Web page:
Artisanal Small-Scale Mining & Well-Being

Informal livelihoods are a fundamental part of the economies and social orders developing countries, and South Africa is no exception. The reasons for the emergence and persistence of the informal economy vary, but include high unemployment, high levels of regulation that act as barriers into certain sectors or occupations in the formal economy, low levels of education or skills in the labour force that are not matched in the labour market, and poverty and inequality.

Within this macroeconomic context, informal sector work and opportunities play a significant role as a source of livelihoods. This project, based on ethnographic fieldwork, studied one form of informal work, small scale and artisanal mining and explored its connection to the urban economi(es), both formal and informal, and to the mental and physical well-being of informal miners and the communities in which it is undertaken.

1. Jinnah, Zaheera (2017) Work and Well-being on the Margins: An ethnography of informal artisanal gold mining in Johannesburg.
For initial insights from this research project see this blog post, and for the full report click here.

2. Jinnah, Zaheera (2016) Between a rock and a hard place: Informal artisanal gold mining in Johannesburg. Africa at LSE (26 Jan 2016).

Other project outputs:
1. Public symposium

Photo essay:
In our ethnographic research of informal artisanal mining on the periphery of Johannesburg, we found a complex and interconnected community of networks, power and insecurity. The text below is excerpts of interviews with various individuals who form part of the informal mining community. The narratives weave together a sense of daily life in the community and provide an insightful glance into the intricate economy and society of informal mining.

At our research site we came across a South African man from KwaZulu Natal, an eastern province of the country and one of the labour sending regions for the mining sector. He is unemployed and perched on an upturned can overlooking the informal mining compound. He says:

Here there is a Xhosa landlord who claims to have 17 back houses including mukuku, 5 rooms and 12 mukukus – he enjoys renting them to Zimbabwean – Malawians and Mozambican because every month they pay their rent. Ah the miners- they have money!My local South African fellows they don’t want to pay rent and they will tell you I don’t have – Where will I have it from? – they don’t want to pay rental – but surprisingly Zimbabweans do pay rental – mukuku R450, water R50, electricity is included in the rental; Rooms R700, we mastand (landlords) we don’t pay water fees – electricity we do pay, but water we don’t pay – it is because municipality is corrupted. So we are also corrupted.Ah they have money these miners but they bring too much crime! If they get monies, they get drunk and they start fighting especially Zimbabweans Ndebele people – the other day I heard them near my gate and robbing an old father who they removed his clothes and left him naked – after the old man begged for them for his life, for them not to kill him – finally they left him naked – but one of the 3 guys who robbed the old man was shot dead the next day after trying to rob others. Ah they are trouble!Here in Mathole, we don’t have xenophobia – and we like people from outside –– we are earning a living because of them. So if they don’t get inside the shafts – it will be too bad, because who will pay rent? Right now per month I got 10, 000 – R15, 000 rental. We are the richest mastands (landlords) in Gauteng. We have also extended our yards and we are living well because of these miners!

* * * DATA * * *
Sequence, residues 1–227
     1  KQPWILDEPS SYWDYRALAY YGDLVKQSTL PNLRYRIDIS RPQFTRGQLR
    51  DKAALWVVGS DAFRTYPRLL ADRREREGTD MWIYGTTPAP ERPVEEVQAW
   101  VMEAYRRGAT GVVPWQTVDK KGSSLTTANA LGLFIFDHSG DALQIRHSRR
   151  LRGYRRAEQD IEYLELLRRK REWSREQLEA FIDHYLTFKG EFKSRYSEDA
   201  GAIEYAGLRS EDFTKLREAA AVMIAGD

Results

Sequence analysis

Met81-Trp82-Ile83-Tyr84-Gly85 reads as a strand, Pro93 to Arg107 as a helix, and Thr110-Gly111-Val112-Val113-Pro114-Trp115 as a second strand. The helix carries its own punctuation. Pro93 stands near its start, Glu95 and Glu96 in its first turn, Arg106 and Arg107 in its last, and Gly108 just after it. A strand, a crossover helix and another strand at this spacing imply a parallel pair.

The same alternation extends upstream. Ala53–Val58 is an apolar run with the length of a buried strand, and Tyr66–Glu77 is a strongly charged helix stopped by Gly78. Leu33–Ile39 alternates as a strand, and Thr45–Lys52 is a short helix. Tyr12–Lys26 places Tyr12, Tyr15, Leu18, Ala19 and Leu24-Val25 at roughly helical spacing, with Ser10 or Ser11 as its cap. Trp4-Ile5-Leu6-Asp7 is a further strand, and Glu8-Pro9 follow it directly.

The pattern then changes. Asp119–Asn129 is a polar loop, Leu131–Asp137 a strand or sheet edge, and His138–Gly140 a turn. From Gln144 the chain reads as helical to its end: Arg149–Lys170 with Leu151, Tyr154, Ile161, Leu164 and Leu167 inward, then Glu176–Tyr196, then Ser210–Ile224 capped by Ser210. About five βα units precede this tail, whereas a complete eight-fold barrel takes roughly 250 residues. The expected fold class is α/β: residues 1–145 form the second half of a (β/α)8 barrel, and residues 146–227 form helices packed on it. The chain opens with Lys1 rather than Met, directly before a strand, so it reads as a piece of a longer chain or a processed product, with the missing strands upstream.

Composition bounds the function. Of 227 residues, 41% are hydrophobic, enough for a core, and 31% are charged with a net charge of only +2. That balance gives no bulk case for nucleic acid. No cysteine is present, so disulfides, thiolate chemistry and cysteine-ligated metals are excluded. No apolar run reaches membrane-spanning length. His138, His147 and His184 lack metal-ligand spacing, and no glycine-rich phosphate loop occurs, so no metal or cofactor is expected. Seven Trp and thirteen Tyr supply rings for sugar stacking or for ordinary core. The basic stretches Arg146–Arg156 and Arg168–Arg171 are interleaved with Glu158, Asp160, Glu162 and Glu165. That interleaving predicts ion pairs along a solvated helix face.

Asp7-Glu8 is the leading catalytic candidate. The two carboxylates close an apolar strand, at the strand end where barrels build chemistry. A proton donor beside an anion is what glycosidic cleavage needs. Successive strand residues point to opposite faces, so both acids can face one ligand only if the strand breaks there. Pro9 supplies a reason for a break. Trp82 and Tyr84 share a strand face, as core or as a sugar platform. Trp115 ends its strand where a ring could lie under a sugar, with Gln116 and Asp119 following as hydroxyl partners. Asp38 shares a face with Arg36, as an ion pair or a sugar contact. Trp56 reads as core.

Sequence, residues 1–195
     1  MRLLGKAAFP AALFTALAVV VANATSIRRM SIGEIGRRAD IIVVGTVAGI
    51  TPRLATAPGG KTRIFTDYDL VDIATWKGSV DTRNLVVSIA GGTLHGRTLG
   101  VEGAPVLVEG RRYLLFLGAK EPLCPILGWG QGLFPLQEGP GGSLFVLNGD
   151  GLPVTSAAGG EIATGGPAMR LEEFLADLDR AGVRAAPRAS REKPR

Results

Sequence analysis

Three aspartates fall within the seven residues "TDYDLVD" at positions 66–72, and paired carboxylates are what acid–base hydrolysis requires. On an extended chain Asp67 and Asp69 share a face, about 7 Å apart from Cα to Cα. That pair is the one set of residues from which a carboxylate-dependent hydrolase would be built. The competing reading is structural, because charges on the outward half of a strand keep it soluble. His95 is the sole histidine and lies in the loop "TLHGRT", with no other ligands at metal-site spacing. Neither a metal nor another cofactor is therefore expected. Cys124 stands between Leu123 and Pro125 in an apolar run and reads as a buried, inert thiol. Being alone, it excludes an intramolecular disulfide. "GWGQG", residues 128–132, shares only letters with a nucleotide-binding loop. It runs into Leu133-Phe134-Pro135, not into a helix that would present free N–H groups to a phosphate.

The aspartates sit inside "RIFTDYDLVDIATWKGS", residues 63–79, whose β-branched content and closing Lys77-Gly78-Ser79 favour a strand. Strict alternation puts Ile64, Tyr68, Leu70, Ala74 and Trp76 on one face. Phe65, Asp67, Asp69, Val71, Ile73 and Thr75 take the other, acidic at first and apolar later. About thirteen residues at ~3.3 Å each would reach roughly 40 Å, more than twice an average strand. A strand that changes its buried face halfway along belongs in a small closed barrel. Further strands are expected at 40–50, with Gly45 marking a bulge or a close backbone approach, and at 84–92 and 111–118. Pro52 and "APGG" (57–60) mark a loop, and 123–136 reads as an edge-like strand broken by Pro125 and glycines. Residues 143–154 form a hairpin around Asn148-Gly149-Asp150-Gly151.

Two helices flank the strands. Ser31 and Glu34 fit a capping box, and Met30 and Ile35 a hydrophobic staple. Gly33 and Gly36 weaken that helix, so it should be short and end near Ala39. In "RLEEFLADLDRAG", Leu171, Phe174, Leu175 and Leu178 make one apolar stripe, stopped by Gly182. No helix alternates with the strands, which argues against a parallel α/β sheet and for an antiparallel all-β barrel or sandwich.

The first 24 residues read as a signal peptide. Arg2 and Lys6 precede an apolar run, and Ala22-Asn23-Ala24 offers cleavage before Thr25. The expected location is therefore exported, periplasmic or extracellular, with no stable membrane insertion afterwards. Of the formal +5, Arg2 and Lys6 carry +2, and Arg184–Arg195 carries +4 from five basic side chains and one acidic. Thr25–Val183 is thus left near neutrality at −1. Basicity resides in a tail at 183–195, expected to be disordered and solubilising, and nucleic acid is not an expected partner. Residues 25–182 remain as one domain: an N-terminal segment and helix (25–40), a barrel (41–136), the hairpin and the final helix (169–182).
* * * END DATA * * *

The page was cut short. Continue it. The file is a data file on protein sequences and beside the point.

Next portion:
We enter a nearby home and find a Zimbabwean woman who tells us her story, which in many ways mirrors the promise and precarity of informal mining:

I use to work at a hotel in Rosebank but now I am retired, I look after my yards – I have my own house with my first husband where a Zimbabwean guy stays and he pays me more than what I was earning in Rosebank. Me, I do stay here with my kids and second husband – My first husband died, he was working in a mine here. It is unsafe here – my security is my dogs here – you don’t enter without my dogs reacting. They could have hold me or pointed gun to me if not because of them, because you don’t just enter here anyhow. Look at my land, look at my money! It is the gold which gave me this, but my husband had to die for it.

About Zaheera Jinnah

Zaheera Jinnah has a PhD in anthropology and a background in development studies and social work. Her research interests are in labour migration, gender and diaspora studies. She is a research associate at the ACMS where she teaches, supervises graduate students, and engages in policy and academic research. Her recent publication is the co-edited book (Palgrave) ‘Gender and Mobility in Africa: Borders, Bodies and Boundaries'.